A MAN OF HIS OWN MAKING, ARTIST NILADRI PAUL TALKS ABOUT HIS UNRESTRAINED JOURNEY, STYLE AND THE OVERALL POSITIVITY HE SO GENEROUSLY SPLURGES ACROSS HIS CANVAS
By: Siddhi Pathak, Society Magazine
Abstract Figurative Art by Niladri Paul India
If Bukowski’s notes of a dirty old man are to be relied on, an intellectual is a man who says a simple thing in a difficult way; an artist is a man who says a difficult thing in a simple way. It is this simplicity, peppered with the perfect amount of his carefree nature that is very apparent when it comes to artist Niladri Paul and his style.
He started painting ever since he can remember. Though there were initial setbacks and he stumbled a bit along the way, he is now a much loved artist, who recently depicted his experimental and exhilarating works in his new show, ‘Painting your own rainbows’ , which brought art and fashion an inch closer than they already are. ‘Fashion is three-dimensional. It’s not static and has tremendous possibilities for creative application and motivation. It’s an inspiration to be able to create the essence of my thoughts in actual colour and substance. Each composition can be a piece of unique art rather than just an embellished garment, he says.
The one word that can absolutely define his style and passion for art is undoubtedly, freedom. His vibrant strokes tend to make the usual abstractions of art much more understandable. He prefers to call his art semi-abstract, trying to assimilate the modern abstract with some realism. He tells us, “I have a very bold and vibrant colour palette application. I would describe myself as a very spontaneous artist. I try my best to capture the flash of inspiration that motivates me to manifest my imagination onto the canvas that very moment. My art is not planned at all, even a bit. I go by my instincts that coordinate with my subconscious mind and flow out of my hands, sometimes even taking me by surprise”.
He feels artistic inspiration can strike anytime, anywhere. ‘’my constant fascination with performing arts, rhythm, motion, melody, theatrics, faces, expressions, anatomy and curvature has been an ongoing Endeavour to translate this complex and challenging subject into my pigments and strokes, thus also bridging the gap between abstract and realistic art,’’ he reveals.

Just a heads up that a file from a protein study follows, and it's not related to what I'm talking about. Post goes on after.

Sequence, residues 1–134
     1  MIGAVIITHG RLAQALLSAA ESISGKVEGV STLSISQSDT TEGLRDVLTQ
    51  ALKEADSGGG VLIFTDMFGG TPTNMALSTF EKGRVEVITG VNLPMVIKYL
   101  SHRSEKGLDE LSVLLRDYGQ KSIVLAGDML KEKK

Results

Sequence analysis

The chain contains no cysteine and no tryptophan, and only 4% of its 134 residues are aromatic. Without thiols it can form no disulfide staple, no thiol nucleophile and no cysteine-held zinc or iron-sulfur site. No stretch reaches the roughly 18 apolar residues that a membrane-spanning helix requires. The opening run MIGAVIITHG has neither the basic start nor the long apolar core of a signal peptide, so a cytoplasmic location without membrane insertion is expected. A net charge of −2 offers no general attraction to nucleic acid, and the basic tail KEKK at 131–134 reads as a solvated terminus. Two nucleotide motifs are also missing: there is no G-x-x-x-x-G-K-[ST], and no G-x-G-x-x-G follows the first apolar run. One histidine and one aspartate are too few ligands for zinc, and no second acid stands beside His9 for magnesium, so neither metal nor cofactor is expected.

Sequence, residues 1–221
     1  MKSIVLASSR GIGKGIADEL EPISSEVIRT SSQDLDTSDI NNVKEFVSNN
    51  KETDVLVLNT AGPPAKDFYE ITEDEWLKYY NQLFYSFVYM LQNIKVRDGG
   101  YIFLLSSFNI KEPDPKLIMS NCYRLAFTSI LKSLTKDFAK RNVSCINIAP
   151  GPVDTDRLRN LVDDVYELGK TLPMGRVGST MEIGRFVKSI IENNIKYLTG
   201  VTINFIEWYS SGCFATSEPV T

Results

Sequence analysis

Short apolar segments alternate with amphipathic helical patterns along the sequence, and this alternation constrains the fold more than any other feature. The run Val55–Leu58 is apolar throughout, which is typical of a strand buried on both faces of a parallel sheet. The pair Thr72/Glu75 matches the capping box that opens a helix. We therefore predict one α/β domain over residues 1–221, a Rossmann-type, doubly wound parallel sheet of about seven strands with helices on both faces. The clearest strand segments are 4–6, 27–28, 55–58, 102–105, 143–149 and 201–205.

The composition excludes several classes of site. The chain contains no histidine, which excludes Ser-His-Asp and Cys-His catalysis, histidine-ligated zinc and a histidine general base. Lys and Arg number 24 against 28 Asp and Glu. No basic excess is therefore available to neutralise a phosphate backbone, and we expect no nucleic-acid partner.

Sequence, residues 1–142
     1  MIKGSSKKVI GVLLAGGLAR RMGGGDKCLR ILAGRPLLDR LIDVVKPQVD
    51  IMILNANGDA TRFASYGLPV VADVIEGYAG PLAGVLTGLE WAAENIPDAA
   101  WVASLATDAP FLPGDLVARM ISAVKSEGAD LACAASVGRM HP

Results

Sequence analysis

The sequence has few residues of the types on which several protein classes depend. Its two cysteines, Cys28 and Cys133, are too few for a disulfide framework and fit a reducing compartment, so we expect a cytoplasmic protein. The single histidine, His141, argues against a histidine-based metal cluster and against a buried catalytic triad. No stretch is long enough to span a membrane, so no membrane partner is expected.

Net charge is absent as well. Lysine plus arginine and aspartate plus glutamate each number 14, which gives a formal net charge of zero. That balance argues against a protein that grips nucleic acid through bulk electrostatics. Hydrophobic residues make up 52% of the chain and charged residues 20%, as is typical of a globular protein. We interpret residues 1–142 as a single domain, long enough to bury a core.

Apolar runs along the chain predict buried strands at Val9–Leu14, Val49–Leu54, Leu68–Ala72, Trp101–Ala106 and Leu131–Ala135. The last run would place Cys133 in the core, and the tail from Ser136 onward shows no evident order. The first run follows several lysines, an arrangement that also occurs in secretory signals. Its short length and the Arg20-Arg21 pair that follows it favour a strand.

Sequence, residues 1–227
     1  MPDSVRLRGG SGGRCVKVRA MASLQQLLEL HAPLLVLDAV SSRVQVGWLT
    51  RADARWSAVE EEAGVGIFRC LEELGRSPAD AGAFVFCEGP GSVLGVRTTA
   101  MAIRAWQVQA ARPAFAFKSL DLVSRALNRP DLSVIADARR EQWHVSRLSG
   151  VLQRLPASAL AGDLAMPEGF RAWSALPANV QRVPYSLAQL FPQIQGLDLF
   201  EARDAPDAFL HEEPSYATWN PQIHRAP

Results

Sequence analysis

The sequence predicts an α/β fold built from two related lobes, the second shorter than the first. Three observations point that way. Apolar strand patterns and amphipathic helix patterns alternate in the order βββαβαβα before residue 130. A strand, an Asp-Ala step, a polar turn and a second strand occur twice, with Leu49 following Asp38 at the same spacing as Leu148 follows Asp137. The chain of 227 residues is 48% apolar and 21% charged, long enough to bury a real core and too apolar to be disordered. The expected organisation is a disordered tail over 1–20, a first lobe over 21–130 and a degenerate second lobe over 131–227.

Like a lot of other artists, classic and contemporary, women seem to grace his canvases very frequently. Explaining where this commonality stems from, he says, since the ancient times, women have been central to many an artist’s oeuvre. The sheer complexity of the multi-dimensional quality of a woman is an all time enigma asking to be unravelled. Women have always been a muse and my paintings are a tribute to them. Hence, ‘Inamorata’. It’s an effort to observe and understand the ever-evolving enigma of such complex emotionality and resplendent beauty in all its myriad colours and mystery. “
Besides, his inspiration also comes from role models like Gustavo Klimt, Claude Monet, Vincent Van Gogh, Jasmine Pollock, Augusta Rodin and Indian masters like Tyeb Mehta, MF Hussain and SH Raza.
When asked about his favourite materials, he says he likes experimenting with newer things all the time. Newer textures, surfaces and applications and materials, ranging from charcoal to oils, fibre glass, water colours, scrap metal and just about everything is fascinating for him. “Although at the moment I am working with acrylic on canvas, there is always a break in between exhibitions when I just experiment with stuff,” he elaborates.
His work truly portrays freedom and simplicity, and is more relatable than the abstractions that art is so commonly associated with I firmly believe that the more simple and straightforward the postulation, the more the viewers are left to imagine, dwell and understand an artwork according to their own subjective thought processes, thus creating their own unique relationship with it and basically following their own bliss”, he says thus accentuating Bukowski’s thoughts on how artists simplify complexities. Truly a free thinker, here’s an artist not caught up in the wide and messy sprawls of commercialization, rising above them to create expression in its purest form.